Buckley v. Valeo, Forty Years Later

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When it comes to the role of money in politics, according to Cato senior fellow Jeffrey Milyo, people aren’t just uninformed—they’re misinformed. As he recounted at Cato’s conference, “The Past and Future of Buckley v. Valeo,” when asked what percentage of political spending comes from Super PACs, the median response is 67 percent. Only 2 percent of people select the right answer—25 percent or less. The exact number is actually closer to 10 percent. The conventional wisdom is that money plays an outsized role in politics, but, he argued, the data doesn’t bear this out. “Politicians do nothing good with their time,” Milyo quipped. “If they spend a lot of time raising money, we’re all safer.”

Nevertheless, campaign spending remains a deeply controversial issue. To commemorate the 40th anniversary of the Supreme Court’s landmark ruling on campaign finance, Buckley v. Valeo, the Cato Institute and the Center for Competitive Politics held a conference to discuss the legacy and future of the ruling, which struck down campaign spending restrictions but upheld restrictions on contributions. Vice President John Samples recalled Cato founder and president emeritus Ed Crane’s personal involvement in Buckley as a plaintiff, and his subsequent years battling for First Amendment rights in politics. The conference opened with a discussion between Bradley Smith of the Center for Competitive Politics, a former chair of the Federal Election Commission, and Floyd Abrams, one of the nation’s leading First Amendment lawyers. Smith vigorously defended the right to spend money on political speech, arguing that if you can’t spend money to advance your political opinions, that limits your speech, just as an inability to pay to print Bibles would limit your freedom of religion.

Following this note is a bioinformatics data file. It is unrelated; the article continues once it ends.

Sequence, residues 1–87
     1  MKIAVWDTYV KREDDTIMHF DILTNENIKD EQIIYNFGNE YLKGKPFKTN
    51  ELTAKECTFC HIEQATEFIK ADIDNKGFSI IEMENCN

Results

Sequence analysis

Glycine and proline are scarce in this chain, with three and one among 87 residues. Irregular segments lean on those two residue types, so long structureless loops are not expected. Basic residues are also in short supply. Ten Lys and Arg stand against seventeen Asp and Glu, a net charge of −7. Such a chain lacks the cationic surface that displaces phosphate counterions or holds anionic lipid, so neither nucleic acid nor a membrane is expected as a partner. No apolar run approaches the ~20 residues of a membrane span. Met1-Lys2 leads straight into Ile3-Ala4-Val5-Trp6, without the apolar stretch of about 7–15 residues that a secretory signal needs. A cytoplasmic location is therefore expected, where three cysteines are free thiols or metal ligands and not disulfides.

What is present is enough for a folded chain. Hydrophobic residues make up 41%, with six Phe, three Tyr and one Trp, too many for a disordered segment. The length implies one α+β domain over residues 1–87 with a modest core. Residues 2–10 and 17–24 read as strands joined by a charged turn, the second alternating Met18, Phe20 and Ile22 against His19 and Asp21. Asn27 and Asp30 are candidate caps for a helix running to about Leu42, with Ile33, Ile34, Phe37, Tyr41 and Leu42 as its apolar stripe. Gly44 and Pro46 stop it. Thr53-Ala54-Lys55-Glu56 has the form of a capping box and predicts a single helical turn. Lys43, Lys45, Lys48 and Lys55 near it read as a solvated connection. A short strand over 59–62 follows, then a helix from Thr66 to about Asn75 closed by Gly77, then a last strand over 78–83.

Abrams recalled the very day of the decision, at which he was present 40 years ago. He dubbed the ruling a “tolerable compromise,” but added, “There’s no doubt in my mind that it has led to a sort of crazy quilt system of enforcement.” Smith proposed that the system should be simplified—a point also made by Milyo, who noted that the rules governing campaign spending are impossible for lay people to understand, posing great challenges to grassroots lobbyists who may easily violate the rules without even realizing they exist. This, he argued, is an area where people from all sides might be able to band together to change the rules.

Despite some disruption from Washington’s “Snowzilla,” which shut down the federal government that day, the conference went on and was broadcast that evening by C-SPAN.